October 3, 2017

Clarke’s Top 10 Monthly Kitchens


At Clarke, we are always interested to see the innovative use of Sub-Zero, Wolf and ASKO, whether they are brought front and center with gleaming stainless, signature red knobs and multiple ovens or deftly integrated behind surfaces that make the appliances disappear into a room that is more furniture than traditional kitchen. We love how designers are embracing customized refrigeration configurations, multiple ovens (steam, convection, microwave), countertop modules and more. Take a look at our top picks this month…

Principal Peter Bargende and Kitchen Designer Emily Levitt of Faneuil Kitchen Cabinet designed this kitchen for a North Carolina family who relocated to Wellesley. Interior decorators Katy Wallace and Tricia Wynn helped the clients choose a traditional white painted cabinet style with white marble. Floating shelves to either side of the custom vent hood bring a lighter touch to the traditional kitchen, and bring an opportunity to display everything from kids’ artwork to seasonal decor. The clients love Sub-Zero and Wolf appliances, and especially enjoy the built-in Coffee System and Undercounter Refrigeration in the beverage bar.

Who says a kitchen has to be indoors in New England? While the photo seems like a trick of the eye, this custom kitchen is actually open to the elements and outfitted with a Wolf Outdoor Grill. Jennifer Stuart of Metropolitan Cabinets & Countertops created this spectacular entertainment space and reflected the Nantucket waterfront aesthetic with Fantasy Brown countertops and full-height backsplash. An exquisite

Located in Hopkinton, Massachusetts, this large transitional kitchen offers many surprises and many gorgeous design features from Claudette Andrew of Westborough Design Center. To start, what more could a family of six need? The Sub-Zero 36″ all refrigerator and all freezer columns fit their needs perfectly. In addition, the luxury appliance kit wouldn’t be completely without Wolf’s warming drawer, hidden behind a custom panel, a Wolf induction cooktop, ventilation and single oven. Top it all off with a health- conscious cooking tool: Wolf’s Convection Steam Oven. This space allows for two islands: the working/prep island and the hang out area, used for eating, homework and a game of cards. Nearby, but not in the work zone, is a custom bar area followed by an abundance of pantry storage. Natural light is beaming through the large arched window over the sink into the kitchen and seating area just beyond. What a wonderful place to create memories and enjoy life.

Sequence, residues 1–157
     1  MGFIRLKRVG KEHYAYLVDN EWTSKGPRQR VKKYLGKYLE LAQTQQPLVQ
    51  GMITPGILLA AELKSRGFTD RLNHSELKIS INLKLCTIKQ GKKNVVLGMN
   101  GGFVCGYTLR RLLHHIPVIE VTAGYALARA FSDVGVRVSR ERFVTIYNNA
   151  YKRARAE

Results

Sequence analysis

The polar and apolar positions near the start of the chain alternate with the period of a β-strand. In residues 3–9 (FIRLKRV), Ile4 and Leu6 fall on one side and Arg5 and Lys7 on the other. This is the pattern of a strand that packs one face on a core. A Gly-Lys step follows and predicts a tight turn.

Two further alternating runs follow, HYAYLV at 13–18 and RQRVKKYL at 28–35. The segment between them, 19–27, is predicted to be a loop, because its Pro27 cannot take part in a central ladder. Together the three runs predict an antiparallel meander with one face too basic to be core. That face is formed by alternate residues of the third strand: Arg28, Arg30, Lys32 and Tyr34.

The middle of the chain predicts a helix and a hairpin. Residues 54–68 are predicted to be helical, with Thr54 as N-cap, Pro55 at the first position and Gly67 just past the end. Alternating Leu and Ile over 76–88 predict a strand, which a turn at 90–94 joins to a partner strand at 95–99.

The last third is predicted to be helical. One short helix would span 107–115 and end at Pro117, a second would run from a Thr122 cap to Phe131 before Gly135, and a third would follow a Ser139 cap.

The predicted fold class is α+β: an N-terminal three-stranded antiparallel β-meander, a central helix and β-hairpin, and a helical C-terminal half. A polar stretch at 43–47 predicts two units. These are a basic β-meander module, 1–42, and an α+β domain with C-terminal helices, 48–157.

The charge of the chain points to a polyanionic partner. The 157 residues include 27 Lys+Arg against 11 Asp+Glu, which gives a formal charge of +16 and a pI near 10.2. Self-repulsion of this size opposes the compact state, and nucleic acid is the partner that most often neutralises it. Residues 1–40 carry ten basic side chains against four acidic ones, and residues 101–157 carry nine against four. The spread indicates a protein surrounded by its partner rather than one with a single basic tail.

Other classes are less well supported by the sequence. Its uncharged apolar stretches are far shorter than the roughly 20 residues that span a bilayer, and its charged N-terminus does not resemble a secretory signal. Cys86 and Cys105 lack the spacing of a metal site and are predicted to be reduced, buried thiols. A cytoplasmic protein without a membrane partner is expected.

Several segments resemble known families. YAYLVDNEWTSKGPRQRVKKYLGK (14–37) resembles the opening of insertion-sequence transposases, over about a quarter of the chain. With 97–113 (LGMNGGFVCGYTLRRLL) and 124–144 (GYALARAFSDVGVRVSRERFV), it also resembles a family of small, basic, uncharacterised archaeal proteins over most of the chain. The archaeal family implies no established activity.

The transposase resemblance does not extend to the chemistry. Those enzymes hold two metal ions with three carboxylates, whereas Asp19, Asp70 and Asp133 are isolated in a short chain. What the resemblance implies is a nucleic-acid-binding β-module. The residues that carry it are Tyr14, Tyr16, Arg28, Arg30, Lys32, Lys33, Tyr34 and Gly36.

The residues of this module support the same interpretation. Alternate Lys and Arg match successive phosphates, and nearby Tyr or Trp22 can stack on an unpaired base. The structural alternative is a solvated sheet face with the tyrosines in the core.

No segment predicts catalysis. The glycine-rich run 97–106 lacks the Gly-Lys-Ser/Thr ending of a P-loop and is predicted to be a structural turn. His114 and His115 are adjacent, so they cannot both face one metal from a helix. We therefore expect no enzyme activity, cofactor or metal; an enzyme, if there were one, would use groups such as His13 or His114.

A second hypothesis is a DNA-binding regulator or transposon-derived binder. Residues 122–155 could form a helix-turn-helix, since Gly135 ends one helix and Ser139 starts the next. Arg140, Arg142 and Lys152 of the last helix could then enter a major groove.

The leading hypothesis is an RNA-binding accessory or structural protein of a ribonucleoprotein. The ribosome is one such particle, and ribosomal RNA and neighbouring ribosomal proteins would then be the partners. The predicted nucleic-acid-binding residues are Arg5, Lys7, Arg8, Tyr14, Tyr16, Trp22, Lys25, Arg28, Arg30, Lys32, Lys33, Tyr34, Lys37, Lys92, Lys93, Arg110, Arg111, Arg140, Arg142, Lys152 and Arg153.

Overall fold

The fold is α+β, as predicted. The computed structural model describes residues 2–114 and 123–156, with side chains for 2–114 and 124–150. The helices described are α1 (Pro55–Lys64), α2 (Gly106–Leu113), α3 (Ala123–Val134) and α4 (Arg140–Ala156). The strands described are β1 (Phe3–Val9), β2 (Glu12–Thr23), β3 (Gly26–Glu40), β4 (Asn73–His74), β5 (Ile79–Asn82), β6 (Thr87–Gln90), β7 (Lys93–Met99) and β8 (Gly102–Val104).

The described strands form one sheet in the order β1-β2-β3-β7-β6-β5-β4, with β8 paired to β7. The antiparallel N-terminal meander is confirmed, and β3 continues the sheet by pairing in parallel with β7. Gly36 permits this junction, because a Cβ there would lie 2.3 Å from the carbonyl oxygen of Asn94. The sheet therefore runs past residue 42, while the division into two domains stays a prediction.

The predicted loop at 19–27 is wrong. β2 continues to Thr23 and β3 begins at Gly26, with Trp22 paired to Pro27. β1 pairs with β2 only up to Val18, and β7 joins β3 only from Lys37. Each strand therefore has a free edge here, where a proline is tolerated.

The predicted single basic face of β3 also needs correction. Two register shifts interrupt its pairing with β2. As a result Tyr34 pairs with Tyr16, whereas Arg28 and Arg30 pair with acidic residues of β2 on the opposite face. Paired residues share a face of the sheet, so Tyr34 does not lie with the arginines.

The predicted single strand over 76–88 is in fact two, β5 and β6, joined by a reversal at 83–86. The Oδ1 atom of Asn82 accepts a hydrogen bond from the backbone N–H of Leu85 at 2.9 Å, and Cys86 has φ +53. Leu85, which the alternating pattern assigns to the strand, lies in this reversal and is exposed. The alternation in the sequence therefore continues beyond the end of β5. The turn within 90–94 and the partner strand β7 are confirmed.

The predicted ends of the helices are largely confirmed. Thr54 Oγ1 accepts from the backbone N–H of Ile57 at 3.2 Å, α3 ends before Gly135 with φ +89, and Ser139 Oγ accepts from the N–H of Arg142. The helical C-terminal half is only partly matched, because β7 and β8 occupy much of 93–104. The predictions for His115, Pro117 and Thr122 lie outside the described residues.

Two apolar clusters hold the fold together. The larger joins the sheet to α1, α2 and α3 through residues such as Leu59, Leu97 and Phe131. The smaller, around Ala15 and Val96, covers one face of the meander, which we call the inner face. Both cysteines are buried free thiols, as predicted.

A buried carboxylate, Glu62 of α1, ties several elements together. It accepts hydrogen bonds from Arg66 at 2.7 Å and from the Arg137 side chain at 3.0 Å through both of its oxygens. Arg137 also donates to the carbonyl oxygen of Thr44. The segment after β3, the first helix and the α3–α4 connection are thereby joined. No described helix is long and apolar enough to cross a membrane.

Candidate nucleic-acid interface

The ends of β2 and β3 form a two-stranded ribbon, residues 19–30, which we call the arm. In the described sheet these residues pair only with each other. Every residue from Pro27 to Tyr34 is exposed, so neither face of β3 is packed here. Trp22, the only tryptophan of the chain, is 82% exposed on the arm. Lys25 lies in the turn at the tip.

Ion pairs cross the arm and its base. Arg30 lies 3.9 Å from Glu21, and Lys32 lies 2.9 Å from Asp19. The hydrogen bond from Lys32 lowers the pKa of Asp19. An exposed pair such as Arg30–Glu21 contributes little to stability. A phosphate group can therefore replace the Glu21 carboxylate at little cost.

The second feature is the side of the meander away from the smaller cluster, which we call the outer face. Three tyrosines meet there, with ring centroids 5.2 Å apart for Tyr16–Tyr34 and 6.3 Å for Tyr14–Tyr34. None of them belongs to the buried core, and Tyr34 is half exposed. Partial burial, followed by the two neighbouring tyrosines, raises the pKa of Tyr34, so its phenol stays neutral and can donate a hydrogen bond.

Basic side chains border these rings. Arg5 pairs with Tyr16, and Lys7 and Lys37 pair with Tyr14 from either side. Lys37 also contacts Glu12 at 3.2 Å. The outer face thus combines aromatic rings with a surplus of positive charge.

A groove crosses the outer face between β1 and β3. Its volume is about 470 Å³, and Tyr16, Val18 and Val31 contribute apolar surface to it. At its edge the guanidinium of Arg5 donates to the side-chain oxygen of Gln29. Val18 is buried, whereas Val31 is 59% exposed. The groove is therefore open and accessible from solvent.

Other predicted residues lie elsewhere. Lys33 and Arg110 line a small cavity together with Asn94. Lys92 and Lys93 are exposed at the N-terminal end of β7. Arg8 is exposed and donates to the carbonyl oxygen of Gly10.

This Roomscapes Cabinetry and Design Center project updated the kitchen in a town house alongside a South Shore golf course. The clients are both high level professionals and entertaining at a formal level was a must. With a family expanding with grandchildren, they wanted to incorporate the divided areas to create a grander feel to the space. They also wanted to connect the formal living room, dining room and kitchen visually and aesthetically. The Sub-Zero Refrigerator was laid out to act as a “third return wall,” with paneling on all sides including the rear. The cabinetry continued into a cozy breakfast nook with flanking storage, which then continued into the sunroom as one consistent run to maximize use of wall space. The distinctive island houses a prep sink, Wolf Convection Steam Oven and storage. A beautiful walnut grain was chosen for the island and a newly created bar and entertainment center, to enhance the formality of the space.

Linda Kochman from Kochman Reidt + Haigh describes the journey she took with her client as “from dark and gloomy to open and airy.” She helped them transform a space where nobody wanted to be into the family gathering place they imagined. They introduced five key design elements: light (from expansive new windows), a walk-in pantry, glass shelving, Moroccan tiles with a soft-white reflective glaze and simple surfaces. The simple cabinet design increased the openness without changing the dimension of the kitchen. The stainless steel Wolf Range and Hood are a handsome focal point in this open and airy space.